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Oliver has most cash in race for chairman
Chairman, sheriff candidates report campaign contributions
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Hall County Board of Commissioners Chairman Tom Oliver posted his first contributions of his re-election campaign last quarter, raising $12,600.

Of the candidates seeking to lead the Hall County Commission next term, Oliver had the most cash on hand, reporting some $24,946 of campaign funds left in his account at the end of June.

But it was his opponent Richard “Dick” Mecum who raised the most money last quarter. Mecum, a former sheriff, reported $19,705 in contributions over the last three months, including another $3,300 he gave to his campaign.

Candidates seeking election to state and local offices this year were required to report contributions from the months of April through June by midnight Monday to the Georgia Government Transparency and Campaign Finance Commission.

The report is the last showing of candidates’ financial cards before the July 31 primary.

Oliver’s campaign, which he announced in April, had the help of a $25,000 loan from the candidate last quarter.

And several of Oliver’s itemized donations came from outside of the county, including at least three $250 contributions from men closely tied to a project to build an 850-acre reservoir in North Hall, Joe Tanner and Harold Reheis.

When questioned about the outside donations, Oliver said he did not solicit them. He also pointed to some $1,600 in donations that came in at $100 or below.

“These are people that believe in the work that the chairman’s doing,” Oliver said. “Nobody that contributes to me believes they will improve themselves financially by me leading the county.”

Oliver also said he has not held any campaign fundraisers since announcing his bid for re-election.

“I have yet to ask for a single check,” Oliver said.

Mecum, who has been running for the post since November, told The Times he had one fundraiser last quarter but said he had two planned this week to help carry his campaign through the election.

Mecum reported having $3,643 left to spend on his campaign at the end of June. He said he needed more.

“I’ll just keep (the fundraisers) coming and keep them going almost to the last day,” Mecum said. “I’m not looking for the big money, particularly. I’m looking for that $100 or less.”

Mecum’s report largely includes support from smaller donors; he had some $3,860 in contributions that were below the $100 threshold last quarter.

A number of other donors gave the candidate less than $250.

Mecum said the lower contributions were likely due to the economy and the sheer number of candidates seeking money in a packed primary season.

“I appreciate the smaller donor,” Mecum said, noting that he’d had donations of $20 and $30. “You realize it’s the best that they can do, and that kind of support is, in a way, humbling.”

Mecum’s larger donors include former Hall County Commissioner Jimmy Echols, who gave $500, and owner of AAA Bonding C.V. Smith, who donated $2,200.

His largest contribution, other than a $2,500 contribution he made to the campaign, came from friend Lonnie Pope, the owner of Global Manufacturing in Gainesville, who gave $2,500.

Other major donations to Mecum’s campaign came from investor Wendell Starke, whose development firm seeks to build a high-rise hotel and office buildings on the edge of Gainesville’s midtown, and Robert Swoszowski, owner of local McDonald’s franchises.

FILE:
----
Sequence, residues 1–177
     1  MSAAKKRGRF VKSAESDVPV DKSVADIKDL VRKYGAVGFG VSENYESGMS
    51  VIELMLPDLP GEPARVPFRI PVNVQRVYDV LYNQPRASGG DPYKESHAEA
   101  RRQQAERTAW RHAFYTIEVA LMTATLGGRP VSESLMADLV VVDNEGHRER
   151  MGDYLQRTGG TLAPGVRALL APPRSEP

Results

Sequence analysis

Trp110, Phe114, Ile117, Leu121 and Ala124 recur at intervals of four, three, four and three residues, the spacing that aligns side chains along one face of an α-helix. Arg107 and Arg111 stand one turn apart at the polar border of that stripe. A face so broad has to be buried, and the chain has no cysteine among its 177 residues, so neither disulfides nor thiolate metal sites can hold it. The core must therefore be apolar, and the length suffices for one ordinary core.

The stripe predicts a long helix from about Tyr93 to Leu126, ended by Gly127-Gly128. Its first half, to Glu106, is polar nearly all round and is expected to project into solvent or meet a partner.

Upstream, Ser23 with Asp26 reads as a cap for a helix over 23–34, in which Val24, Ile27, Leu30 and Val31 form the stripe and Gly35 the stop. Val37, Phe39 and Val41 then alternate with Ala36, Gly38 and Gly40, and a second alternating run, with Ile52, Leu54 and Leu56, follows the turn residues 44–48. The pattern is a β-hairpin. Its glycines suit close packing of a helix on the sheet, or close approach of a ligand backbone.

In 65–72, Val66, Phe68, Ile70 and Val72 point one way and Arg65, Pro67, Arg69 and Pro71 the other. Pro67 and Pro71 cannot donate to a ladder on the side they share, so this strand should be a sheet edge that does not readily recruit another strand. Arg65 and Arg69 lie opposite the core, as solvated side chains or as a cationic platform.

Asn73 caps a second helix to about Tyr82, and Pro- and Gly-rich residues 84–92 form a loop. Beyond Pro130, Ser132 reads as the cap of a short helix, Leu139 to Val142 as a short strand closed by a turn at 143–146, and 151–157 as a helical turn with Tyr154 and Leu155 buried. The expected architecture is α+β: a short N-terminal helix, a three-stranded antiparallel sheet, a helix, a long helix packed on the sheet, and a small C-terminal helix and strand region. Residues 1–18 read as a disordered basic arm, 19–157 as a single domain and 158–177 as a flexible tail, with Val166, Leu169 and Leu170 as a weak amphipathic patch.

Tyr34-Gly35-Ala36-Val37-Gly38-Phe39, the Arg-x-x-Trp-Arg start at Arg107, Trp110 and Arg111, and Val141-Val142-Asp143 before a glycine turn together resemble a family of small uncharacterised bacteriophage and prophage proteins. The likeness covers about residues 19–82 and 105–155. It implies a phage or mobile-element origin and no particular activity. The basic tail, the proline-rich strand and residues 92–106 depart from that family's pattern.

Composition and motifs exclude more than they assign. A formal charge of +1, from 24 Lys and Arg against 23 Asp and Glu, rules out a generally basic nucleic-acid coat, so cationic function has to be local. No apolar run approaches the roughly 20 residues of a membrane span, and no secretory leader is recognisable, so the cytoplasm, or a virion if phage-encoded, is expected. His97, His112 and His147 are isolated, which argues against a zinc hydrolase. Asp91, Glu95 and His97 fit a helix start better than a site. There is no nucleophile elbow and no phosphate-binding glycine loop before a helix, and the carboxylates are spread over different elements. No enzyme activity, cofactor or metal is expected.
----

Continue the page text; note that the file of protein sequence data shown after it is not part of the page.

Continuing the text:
Both men gave Mecum $1,000 each.

Steve Gailey, who is also seeking election as chairman, had not filed a report by Tuesday.


Sheriff’s race fundraising

After the primary, the two most successful of the candidates seeking to succeed Steve Cronic as Hall County’s sheriff likely will need money to carry them through another month of campaigning for an August runoff.

Cronic is stepping away from the office at the end of the year after three consecutive terms leading the Hall County Sheriff’s Office.

Five Republicans are campaigning to be his successor.

Of them, Jeff Strickland’s campaign account is most poised for a runoff.

Strickland, the former chief deputy of the sheriff’s office, has been campaigning since April 2011. At the end of last month, he still had $21,239.17 left in his campaign account.

The amount is more than triple the balances of his closest fundraising opponents.

And Strickland, who raised $15,863 for his campaign last quarter, also topped his opponents in fundraising over the last three months.

In the same time frame, Gerald Couch took in $8,700 in contributions.

Couch retired from the sheriff’s office after some 30 years and spent about eight months as the second in command at the Gainesville Police Department before quitting to run for sheriff.

Not far on his fundraising heels last quarter was Jon P. Strickland, who raised more than three times the amount last quarter than he did in the three months before.

Jon P. Strickland, a retiree from the Georgia State Patrol, raised $8,250 between the beginning of April and July.

His account, which has seen a total of $30,774 in donations, was pennies shy of $2,960 on hand at the end of last month.

Chuck Hewett, the former head of security at the Hall County Jail, still had $3,686 on hand at the end of June; he raised $800 last quarter, according to reports.

And John Sisk, after spending some $14,815, was nearly $120 in the red by the end of June; the veteran of the Hall and Gainesville law enforcement agencies has a campaign that has largely been self-funded.

Couch, on the other hand, had a little more than $7,000 left at the end of the month to carry him through the election.

Couch, whose campaign has had the help of a $20,000 loan, has also gotten a total of $25,838.80 from donors since he entered the race in late January.

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